HomeDecentralized EnergyCogeneration CHPRomanian heat network modernisation continues with new gas engine project

Romanian heat network modernisation continues with new gas engine project

Bucharest continues to develop its programme of modernising district heat networks in Romania with the launch of a GE-led municipal gas district heat system in Brasov

What is Romania’s largest municipal gas engine district heating investment entails four CHP plants, comprising 11 Jenbacher Type 6 gas engines, producing 42 MW of Power and 38 MW of Heat.

Romania recently introduced an energy efficiency law along with other financial incentives for cogeneration driving the country to adopt more energy efficiency practices.
Energy services company Bepco showcased the success of the four high-efficiency combined heat and power (CHP) plants at the heart of the heating system.

Simina Costan, managing partner, Bepco said, “With the previous heat production and distribution company in Brasov facing financial trouble, we were able to step in with our gas engine solution from GE that allowed us to implement enhanced heating system efficiency for our customers and support Romania’s energy efficiency goals.”

Bepco’s CHP plants are part of Romania’s campaign to modernize older, less-efficient municipal and industrial district heating systems to reduce emissions related to energy production. GE’s gas engines are offering Bepco high-efficiency cogeneration featuring more than 84 percent total efficiency and a very high power-to-heat ratio.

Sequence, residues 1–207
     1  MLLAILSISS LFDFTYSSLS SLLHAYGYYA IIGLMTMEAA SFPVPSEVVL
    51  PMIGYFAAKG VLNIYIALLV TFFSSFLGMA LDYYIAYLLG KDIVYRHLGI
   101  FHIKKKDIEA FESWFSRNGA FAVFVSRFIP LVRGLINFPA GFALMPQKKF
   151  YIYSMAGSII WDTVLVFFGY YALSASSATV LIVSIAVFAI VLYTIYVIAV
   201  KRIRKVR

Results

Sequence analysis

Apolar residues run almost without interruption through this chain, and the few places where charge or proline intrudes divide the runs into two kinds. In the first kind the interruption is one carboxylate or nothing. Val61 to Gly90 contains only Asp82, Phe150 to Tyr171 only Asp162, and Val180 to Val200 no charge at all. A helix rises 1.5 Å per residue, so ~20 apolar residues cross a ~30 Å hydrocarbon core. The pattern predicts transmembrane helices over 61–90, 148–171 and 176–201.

“With the majority of heat production facilities in Romania’s cities currently obsolete and running with low efficiency, our higher-efficiency cogeneration gas engines offer great potential for operators seeking to modernize their district heating systems throughout the country,” said Karl Wetzlmayer, general managerࢀ”reciprocating engines for GE Power & Water’s Distributed Power business.

An additional advantage of a multiple gas engine power plant is the high plant part-load efficiency and availability. Starting from high simple-cycle gas engine efficiency, the efficiency stays high in part-load operation due to incremental engine shutdown. Meanwhile, the growth of renewable power installations and the intermittency of solar and wind power require more operating flexibility from the conventional power generation portfolio when compared to natural gas systems.

By installing the technology instead of separate electrical and thermal power generation equipment, operators receive primary energy savings of roughly 40 per cent through reduced fossil fuel consumption.

GE is also supplying six of its Type 6 Jenbacher gas engines to developer S.C. VEST-ENERGO S.A. for a 20-MW cogeneration plant to help upgrade district heating facilities in Bucharest.